$10,000 has been donated by Canterbury League Club to support The Kidman Centre’s newest program; The Thrive Project.
The project is aimed at young people living in non-metropolitan areas that are at risk of depression, anxiety, alcohol and drug abuse, deliberate self-injury and even suicide. The rates are higher than their city counterparts.
The program started in August and aims that over a 3-year periods, 192 teachers will be trained with the potential to reach 12,000 students.
‘Just this year, regional and remote NSW experienced one of the worst drought seasons this state has ever seen. The drought impacted many families and people living in regional and remote areas who believed they had a dreary and bleak future,” said George Coorey, Chairman of Canterbury League Club.
“The program will make a difference in the lives of many of our young people living in rural areas. The tools and skills that teachers are trained with helps ensure that students will be valued, well cared for and teachers are now able to build positive relationships that will inspire our young people.”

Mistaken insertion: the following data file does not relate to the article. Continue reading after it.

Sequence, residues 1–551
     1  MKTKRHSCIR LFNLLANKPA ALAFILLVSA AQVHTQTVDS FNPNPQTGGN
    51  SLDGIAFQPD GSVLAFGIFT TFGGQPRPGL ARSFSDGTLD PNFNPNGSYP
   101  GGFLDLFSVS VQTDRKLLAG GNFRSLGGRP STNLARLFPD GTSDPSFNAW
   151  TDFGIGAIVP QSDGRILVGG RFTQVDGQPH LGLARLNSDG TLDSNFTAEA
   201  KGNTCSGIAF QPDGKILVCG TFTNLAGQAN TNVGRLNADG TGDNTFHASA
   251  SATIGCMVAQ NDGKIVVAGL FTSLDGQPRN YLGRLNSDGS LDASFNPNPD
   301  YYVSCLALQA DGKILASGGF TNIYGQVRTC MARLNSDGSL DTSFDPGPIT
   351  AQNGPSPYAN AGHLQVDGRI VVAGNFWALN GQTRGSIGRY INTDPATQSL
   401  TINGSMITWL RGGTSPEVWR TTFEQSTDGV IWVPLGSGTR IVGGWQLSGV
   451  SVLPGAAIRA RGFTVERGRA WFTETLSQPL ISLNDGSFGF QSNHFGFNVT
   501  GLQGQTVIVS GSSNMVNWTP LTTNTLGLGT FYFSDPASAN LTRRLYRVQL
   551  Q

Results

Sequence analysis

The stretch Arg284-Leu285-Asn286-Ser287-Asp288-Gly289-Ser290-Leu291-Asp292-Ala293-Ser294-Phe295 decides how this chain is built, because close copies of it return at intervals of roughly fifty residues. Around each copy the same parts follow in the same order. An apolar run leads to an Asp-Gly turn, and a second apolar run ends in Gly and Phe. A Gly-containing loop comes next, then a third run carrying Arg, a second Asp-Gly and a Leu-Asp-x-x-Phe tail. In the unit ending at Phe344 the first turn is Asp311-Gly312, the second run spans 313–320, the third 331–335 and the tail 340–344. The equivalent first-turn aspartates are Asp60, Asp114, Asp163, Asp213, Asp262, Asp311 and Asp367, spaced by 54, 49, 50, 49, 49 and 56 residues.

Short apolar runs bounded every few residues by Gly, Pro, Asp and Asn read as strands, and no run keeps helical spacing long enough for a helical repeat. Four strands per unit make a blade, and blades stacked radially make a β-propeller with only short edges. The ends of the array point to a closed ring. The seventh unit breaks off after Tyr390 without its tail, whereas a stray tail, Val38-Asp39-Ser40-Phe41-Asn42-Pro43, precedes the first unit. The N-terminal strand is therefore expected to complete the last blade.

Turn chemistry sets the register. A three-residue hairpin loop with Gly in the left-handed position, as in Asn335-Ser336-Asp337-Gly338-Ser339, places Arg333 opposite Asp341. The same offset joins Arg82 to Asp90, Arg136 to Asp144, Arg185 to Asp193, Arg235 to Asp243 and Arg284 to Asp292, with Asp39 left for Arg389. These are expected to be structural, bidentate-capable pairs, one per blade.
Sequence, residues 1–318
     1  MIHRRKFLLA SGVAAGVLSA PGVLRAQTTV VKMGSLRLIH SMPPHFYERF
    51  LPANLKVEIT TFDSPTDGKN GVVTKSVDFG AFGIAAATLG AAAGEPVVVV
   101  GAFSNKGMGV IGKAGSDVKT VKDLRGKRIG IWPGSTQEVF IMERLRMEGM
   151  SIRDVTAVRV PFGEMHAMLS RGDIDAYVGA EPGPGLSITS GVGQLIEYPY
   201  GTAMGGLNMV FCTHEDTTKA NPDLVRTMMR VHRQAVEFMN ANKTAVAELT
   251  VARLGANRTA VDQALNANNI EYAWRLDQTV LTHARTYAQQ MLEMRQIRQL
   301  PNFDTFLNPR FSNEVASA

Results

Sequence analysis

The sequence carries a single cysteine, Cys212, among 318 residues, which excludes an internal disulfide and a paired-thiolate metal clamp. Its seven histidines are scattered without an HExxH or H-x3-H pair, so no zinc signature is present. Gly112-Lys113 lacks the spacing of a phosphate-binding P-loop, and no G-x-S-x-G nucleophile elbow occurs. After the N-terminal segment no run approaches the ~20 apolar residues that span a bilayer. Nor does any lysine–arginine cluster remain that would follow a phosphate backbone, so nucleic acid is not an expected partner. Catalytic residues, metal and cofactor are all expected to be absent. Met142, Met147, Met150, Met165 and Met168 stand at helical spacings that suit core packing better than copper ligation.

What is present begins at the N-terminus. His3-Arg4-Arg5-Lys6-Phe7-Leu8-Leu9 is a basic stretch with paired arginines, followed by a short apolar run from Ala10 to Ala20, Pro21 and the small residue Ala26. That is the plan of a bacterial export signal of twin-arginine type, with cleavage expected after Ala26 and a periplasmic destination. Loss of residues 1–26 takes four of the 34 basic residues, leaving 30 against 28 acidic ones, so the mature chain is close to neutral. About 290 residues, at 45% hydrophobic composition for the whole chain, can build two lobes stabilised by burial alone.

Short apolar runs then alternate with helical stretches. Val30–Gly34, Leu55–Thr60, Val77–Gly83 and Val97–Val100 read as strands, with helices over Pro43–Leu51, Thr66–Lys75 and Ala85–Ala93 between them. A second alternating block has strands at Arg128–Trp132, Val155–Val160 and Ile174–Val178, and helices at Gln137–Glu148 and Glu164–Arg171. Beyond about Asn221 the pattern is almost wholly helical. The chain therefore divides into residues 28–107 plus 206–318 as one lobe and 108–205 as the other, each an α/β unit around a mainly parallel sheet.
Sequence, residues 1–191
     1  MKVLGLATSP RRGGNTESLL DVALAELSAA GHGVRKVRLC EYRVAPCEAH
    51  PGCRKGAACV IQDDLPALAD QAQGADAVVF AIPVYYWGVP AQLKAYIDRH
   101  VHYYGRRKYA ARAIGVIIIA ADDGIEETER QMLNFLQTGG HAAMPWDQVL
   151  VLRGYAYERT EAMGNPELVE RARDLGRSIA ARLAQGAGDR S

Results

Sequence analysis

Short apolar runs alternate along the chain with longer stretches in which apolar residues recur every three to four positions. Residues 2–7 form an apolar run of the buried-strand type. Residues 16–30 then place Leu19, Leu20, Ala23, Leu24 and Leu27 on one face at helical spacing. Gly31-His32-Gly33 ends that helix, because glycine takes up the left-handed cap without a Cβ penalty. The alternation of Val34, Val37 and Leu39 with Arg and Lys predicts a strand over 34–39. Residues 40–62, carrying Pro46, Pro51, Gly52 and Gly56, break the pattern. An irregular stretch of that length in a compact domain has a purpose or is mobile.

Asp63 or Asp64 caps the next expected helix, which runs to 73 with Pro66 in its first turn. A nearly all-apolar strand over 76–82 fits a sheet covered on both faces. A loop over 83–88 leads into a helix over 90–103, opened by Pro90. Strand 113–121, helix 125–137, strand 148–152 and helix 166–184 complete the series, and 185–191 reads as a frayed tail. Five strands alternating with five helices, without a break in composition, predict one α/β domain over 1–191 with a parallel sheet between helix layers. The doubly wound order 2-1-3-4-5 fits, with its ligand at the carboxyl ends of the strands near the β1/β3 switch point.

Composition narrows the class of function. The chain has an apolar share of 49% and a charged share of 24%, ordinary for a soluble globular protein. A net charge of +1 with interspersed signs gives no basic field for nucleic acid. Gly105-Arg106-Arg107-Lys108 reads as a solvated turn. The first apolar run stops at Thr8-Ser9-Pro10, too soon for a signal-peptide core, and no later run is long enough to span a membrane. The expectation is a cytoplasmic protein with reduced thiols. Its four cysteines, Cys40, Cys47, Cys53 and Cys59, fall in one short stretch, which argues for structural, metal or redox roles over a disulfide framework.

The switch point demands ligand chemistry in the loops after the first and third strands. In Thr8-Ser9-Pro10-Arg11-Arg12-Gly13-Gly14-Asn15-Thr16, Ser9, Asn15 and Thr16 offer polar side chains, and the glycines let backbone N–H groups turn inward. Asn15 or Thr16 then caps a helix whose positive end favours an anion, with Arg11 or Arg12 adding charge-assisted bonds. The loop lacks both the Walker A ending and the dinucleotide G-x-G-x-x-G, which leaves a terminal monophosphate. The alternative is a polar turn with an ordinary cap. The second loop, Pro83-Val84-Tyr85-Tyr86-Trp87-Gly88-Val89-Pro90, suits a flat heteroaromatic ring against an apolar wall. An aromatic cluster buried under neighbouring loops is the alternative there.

‘Our youth especially those in remote and rural regions can experience circumstances beyond their control. Often, they don’t know how to manage it. By providing and equipping teachers with the right skill set, it will prepare them for the future and positively impact the community.”
The program allows teachers to coach students emotionally and support them throughout their day to day activities.
During each session, 8 teachers are trained simultaneously. Once trained, the teachers can go on to train other teachers in their current or future school.
By teaching these skills in the school environment children are not stigmatised in any way for seeking psychological help and the program Is accessible to all regardless of financial background.